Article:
She also works in theatre. She received a Drama Desk Award for her performance Off-Broadway in Moon On A Rainbow Shawl (1964). In 2013, she had the lead role in the Broadway play The Trip To Bountiful, winning a Tony, the Outer Critics Award, and a Drama Desk Award.
Tyson received a Kennedy Center Honor in 2015, and in 2016, she received the Presidential Medal of Freedom from President Barack Obama, the highest civilian honor in the United States.
Tyson was discovered by a photographer for Ebony magazine and became a popular fashion model. Her first acting role was on the NBC series Frontiers Of Faith in 1951. She had her first stage role in 1950 and her first film role in 1956, but she went on to do more television work, including the celebrated series East Side/West Side, becoming the first Black woman to star in a television drama and she was in the soap opera The Guiding Light. In 1961, Tyson was in the original cast of French playwright Jean Genet‘s (they share a birthday) The Blacks, which ran Off-Broadway for 1,408 performances. She appeared in Roots, a miniseries watched by more than half of the U.S. population, the largest viewership ever attracted by any type of television series.
I’m trying to impress on how significant Sounder was in its time. 1972 (I know, none of you were born yet) was an especially amazing year for film: The Godfather, Cabaret, Pink Flamingos, Lady Sings The Blues, Super Fly, Deliverance, The Poseidon Adventure. At the Oscars, history is made when, for the first time, three Black actors were nominated for lead acting Oscars: Diana Ross for her film debut in Lady Sings The Blues, and Winfield and Tyson for Sounder. This wouldn’t happen again until 2002, when Denzel Washington (Training Day) won over Will Smith for Ali and Halle Berry (Monster’s Ball) became the first and still only Black woman to win Best Actress.
Dorothy Dandridge was the first Black woman to be nominated in that category. She was nominated for Carmen Jones (1954), but to this day, Ross and Tyson are the only two Black actors to be nominated for Best Actress in the same year until 2020 when Andra Day and Viola Davis were nominated. It is a testament to the quality of the films that year, that they were nominated for two very different films and two very different performances.
Lady Sings The Blues is a big, splashy musical biopic, sort of about singer Billie Holiday but really designed as a star vehicle for Ross. The film coincided with a bestselling soundtrack album. In his review, Roger Ebert wrote that it was one of the great performances of 1972.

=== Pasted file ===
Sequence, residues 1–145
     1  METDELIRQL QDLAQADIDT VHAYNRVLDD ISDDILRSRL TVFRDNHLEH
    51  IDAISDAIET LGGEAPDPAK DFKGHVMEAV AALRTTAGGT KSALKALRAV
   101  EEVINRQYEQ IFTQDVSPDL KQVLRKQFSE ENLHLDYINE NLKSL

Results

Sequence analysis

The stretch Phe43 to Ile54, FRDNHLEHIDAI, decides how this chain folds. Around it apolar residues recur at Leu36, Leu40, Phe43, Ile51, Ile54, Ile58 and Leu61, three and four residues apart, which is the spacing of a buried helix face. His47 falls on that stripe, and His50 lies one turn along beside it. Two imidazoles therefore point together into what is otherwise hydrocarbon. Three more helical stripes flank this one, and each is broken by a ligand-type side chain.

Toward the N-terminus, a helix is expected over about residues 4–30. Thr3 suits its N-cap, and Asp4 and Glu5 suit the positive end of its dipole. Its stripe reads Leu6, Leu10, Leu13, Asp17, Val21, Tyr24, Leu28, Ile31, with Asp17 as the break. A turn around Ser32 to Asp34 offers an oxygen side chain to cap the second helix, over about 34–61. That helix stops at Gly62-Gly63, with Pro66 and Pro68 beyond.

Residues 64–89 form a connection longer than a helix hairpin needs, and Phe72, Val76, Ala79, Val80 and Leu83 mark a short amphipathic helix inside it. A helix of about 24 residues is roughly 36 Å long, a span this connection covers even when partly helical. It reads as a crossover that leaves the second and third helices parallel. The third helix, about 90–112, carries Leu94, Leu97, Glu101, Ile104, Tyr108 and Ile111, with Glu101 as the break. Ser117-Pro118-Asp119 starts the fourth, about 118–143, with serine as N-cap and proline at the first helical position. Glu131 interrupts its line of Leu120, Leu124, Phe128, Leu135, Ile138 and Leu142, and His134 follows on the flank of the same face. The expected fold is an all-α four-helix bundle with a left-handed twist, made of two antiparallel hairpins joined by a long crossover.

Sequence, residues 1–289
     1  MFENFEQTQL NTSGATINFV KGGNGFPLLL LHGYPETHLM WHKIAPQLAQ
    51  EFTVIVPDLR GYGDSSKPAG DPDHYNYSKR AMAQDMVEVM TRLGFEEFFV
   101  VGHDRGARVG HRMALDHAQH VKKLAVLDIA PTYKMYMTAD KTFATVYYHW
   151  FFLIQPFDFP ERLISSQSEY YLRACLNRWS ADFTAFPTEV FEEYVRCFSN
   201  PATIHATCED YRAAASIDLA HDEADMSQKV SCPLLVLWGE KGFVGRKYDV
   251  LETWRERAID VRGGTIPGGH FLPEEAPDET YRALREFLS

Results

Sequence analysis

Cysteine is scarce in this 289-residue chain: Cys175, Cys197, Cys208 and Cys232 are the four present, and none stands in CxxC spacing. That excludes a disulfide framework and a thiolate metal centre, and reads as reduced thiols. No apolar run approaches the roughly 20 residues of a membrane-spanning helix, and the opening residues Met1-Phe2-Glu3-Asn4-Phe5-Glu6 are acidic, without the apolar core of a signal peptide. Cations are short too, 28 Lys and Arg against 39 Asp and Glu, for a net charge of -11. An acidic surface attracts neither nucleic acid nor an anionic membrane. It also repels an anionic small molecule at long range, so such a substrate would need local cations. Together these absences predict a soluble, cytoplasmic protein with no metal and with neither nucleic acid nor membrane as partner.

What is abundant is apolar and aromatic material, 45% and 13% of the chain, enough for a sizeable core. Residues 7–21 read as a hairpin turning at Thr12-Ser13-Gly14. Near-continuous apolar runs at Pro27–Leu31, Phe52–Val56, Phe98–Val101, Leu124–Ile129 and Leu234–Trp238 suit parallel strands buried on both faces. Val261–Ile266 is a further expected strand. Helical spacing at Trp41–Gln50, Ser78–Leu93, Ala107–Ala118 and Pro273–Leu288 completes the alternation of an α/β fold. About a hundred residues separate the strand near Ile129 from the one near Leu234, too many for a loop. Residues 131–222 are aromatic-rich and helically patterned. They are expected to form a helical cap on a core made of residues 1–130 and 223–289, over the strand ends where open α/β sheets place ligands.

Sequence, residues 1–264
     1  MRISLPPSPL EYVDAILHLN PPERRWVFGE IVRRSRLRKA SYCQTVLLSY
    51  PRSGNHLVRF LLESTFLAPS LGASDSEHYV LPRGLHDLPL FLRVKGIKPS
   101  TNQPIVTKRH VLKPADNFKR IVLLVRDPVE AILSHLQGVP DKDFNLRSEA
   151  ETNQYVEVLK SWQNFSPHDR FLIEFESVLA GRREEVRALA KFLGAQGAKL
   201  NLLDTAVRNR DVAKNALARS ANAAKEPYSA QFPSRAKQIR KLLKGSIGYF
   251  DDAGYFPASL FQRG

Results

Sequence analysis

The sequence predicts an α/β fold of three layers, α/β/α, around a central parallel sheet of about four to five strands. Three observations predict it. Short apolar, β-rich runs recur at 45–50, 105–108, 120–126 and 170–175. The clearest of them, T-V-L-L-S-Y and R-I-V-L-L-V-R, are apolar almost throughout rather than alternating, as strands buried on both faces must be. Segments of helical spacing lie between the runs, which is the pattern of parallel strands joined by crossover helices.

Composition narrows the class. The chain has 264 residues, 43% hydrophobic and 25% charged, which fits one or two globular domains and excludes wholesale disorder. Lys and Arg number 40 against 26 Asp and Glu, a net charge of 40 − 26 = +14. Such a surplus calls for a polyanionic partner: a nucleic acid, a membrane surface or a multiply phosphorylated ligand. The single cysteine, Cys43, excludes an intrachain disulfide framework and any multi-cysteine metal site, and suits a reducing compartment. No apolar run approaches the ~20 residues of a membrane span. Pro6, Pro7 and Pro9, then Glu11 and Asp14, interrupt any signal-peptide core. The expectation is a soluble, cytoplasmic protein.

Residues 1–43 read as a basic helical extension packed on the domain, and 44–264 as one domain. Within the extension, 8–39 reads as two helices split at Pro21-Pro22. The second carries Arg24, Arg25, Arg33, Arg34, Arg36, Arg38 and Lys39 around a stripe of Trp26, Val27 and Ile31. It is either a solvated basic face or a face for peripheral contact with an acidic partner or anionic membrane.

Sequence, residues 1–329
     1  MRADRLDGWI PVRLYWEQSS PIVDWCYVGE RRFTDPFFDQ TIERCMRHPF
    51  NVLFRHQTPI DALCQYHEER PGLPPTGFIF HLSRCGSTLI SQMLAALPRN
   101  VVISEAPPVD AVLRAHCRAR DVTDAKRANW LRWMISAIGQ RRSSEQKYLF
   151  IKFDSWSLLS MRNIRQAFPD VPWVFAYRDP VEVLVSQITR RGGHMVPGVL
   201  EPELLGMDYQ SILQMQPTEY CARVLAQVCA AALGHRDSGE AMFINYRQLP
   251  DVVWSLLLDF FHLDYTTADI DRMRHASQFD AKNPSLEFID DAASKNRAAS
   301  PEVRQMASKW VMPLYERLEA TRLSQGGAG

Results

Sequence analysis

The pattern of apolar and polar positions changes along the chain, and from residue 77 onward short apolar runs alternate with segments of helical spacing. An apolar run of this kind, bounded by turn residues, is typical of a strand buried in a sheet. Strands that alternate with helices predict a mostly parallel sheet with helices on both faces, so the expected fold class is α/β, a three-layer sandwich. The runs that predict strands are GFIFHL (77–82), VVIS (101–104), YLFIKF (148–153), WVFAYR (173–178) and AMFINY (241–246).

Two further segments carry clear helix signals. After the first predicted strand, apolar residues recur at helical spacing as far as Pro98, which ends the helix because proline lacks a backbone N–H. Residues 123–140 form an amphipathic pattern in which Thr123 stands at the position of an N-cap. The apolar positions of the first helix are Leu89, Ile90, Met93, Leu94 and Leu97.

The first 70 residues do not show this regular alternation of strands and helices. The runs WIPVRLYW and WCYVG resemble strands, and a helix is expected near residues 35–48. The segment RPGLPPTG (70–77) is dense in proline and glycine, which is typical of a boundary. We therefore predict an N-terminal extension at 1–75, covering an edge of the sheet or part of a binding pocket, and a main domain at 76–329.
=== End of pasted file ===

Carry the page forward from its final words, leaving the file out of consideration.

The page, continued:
While Ross’s performance was big and melodramatic, Tyson was a wonder of subtleties. At the peak of the Blaxploitation films movement, Sounder was a surprise hit. Ross and Tyson faced stiff competition from Liv Ullman in The Emigrants; Maggie Smith in Travels With My Aunt, directed by gay director George Cukor; and of course, Liza Minnelli for Cabaret. Ross was the front runner that year, but it was one of the toughest years, one of the fiercest years in Oscar history.
Ross only scored one Oscar nomination in her acting career. Minnelli never again had the success of Cabaret. Tyson had been acting in plays, film, and on television since the early-50s, but Sounder was a magic moment in Tyson’s career; she only went on to greater work.
Tyson first dated jazz trumpeter Miles Davis in the 1960s, while he was still married. Davis used a photo of Tyson for the cover of his 1967 album, Sorcerer. In 1967, Davis told the press that he intended to marry Tyson in March 1968 after his divorce was finalized, but he married singer Betty Davis that September. Tyson and Davis were back together in 1978 and they got married in 1981 in a ceremony conducted by Atlanta mayor Andrew Young. Davis’ volatile temper and infidelity got the best of this marriage. Davis later said that Tyson saved his life and helped him overcome his drug addiction. She filed for divorce in 1988, three years before Davis died.